9. Transonic Flow Computations Using Nonlinear Potential Methods

    NASA Technical Reports Server (NTRS)

    Holst, Terry L.; Kwak, Dochan (Technical Monitor)

    2000-01-01

    This presentation describes the state of transonic flow simulation using nonlinear potential methods for external aerodynamic applications. The presentation begins with a review of the various potential equation forms (with emphasis on the full potential equation) and includes a discussion of pertinent mathematical characteristics and all derivation assumptions. Impact of the derivation assumptions on simulation accuracy, especially with respect to shock wave capture, is discussed. Key characteristics of all numerical algorithm types used for solving nonlinear potential equations, including steady, unsteady, space marching, and design methods, are described. Both spatial discretization and iteration scheme characteristics are examined. Numerical results for various aerodynamic applications are included throughout the presentation to highlight key discussion points. The presentation ends with concluding remarks and recommendations for future work. Overall. nonlinear potential solvers are efficient, highly developed and routinely used in the aerodynamic design environment for cruise conditions. Published by Elsevier Science Ltd. All rights reserved.

  10. Small Towns and Small Computers: Can a Match Be Made? A Public Policy Seminar.

    ERIC Educational Resources Information Center

    National Association of Towns and Townships, Washington, DC.

    A public policy seminar discussed how to match small towns and small computers. James K. Coyne, Special Assistant to the President and Director of the White House Office of Private Sector Initiatives, offered opening remarks and described a database system developed by his office to link organizations and communities with small computers to…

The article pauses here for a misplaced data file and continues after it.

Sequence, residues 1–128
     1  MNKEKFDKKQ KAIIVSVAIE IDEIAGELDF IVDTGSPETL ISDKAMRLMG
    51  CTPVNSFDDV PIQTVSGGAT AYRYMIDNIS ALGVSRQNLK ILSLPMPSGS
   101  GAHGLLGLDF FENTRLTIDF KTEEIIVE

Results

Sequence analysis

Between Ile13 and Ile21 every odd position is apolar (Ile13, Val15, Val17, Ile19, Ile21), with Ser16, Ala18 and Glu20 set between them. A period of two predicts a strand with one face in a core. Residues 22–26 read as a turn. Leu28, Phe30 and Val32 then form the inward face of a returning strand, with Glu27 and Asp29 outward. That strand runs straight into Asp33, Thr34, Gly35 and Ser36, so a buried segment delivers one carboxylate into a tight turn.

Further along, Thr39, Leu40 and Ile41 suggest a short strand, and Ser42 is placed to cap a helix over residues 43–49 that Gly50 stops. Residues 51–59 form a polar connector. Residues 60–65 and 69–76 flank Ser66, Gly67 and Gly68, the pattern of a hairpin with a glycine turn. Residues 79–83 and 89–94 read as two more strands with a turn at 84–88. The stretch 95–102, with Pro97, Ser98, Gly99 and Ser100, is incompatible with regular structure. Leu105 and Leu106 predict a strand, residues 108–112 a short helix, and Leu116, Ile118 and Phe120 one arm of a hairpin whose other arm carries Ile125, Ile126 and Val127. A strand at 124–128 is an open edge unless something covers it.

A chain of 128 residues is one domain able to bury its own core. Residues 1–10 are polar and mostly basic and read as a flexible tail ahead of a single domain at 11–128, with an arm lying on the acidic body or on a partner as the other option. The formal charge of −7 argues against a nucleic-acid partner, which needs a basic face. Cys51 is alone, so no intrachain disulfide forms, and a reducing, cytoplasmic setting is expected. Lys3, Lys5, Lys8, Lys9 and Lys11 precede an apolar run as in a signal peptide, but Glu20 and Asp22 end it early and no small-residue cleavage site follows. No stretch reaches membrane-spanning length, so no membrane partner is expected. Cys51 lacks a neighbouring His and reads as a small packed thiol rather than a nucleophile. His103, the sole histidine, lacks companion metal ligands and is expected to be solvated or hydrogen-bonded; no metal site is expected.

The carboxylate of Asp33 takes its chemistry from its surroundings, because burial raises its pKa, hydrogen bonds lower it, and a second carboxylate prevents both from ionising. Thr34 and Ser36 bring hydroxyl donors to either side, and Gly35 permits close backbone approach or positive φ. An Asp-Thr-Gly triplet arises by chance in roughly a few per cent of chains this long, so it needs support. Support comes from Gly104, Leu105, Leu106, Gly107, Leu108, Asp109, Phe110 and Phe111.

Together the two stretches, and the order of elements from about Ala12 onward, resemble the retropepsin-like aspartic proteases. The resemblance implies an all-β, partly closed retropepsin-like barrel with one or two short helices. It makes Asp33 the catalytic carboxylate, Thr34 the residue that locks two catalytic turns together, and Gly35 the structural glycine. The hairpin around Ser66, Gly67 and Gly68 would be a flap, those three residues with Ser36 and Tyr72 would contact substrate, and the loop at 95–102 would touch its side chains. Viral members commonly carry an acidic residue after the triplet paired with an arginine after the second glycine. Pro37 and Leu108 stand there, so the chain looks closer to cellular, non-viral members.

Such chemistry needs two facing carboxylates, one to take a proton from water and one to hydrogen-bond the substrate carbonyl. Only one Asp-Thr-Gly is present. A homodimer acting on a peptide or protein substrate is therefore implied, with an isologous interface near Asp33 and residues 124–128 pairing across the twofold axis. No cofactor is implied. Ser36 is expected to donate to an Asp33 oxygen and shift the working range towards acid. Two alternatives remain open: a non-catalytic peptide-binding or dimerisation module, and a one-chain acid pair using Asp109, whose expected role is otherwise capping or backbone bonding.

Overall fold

11. Adding It Up: Is Computer Use Associated with Higher Achievement in Public Elementary Mathematics Classrooms?

    ERIC Educational Resources Information Center

    Kao, Linda Lee

    2009-01-01

    Despite support for technology in schools, there is little evidence indicating whether using computers in public elementary mathematics classrooms is associated with improved outcomes for students. This exploratory study examined data from the Early Childhood Longitudinal Study, investigating whether students' frequency of computer use was related…

  12. Computer-Based National Information Systems. Technology and Public Policy Issues.

    ERIC Educational Resources Information Center

    Congress of the U.S., Washington, DC. Office of Technology Assessment.

    A general introduction to computer based national information systems, and the context and basis for future studies are provided in this report. Chapter One, the introduction, summarizes computers and information systems and their relation to society, the structure of information policy issues, and public policy issues. Chapter Two describes the…

  13. Who's in the Queue? A Demographic Analysis of Public Access Computer Users and Uses in U.S. Public Libraries. Research Brief Number 4

    ERIC Educational Resources Information Center

    Manjarrez, Carlos A.; Schoembs, Kyle

    2011-01-01

    Over the past decade, policy discussions about public access computing in libraries have focused on the role that these institutions play in bridging the digital divide. In these discussions, public access computing services are generally targeted at individuals who either cannot afford a computer and Internet access, or have never received formal…

  14. Method for transferring data from an unsecured computer to a secured computer

    DOEpatents

    Nilsen, Curt A.

    1997-01-01

    A method is described for transferring data from an unsecured computer to a secured computer. The method includes transmitting the data and then receiving the data. Next, the data is retransmitted and rereceived. Then, it is determined if errors were introduced when the data was transmitted by the unsecured computer or received by the secured computer. Similarly, it is determined if errors were introduced when the data was retransmitted by the unsecured computer or rereceived by the secured computer. A warning signal is emitted from a warning device coupled to the secured computer if (i) an error was introduced when the data was transmitted or received, and (ii) an error was introduced when the data was retransmitted or rereceived.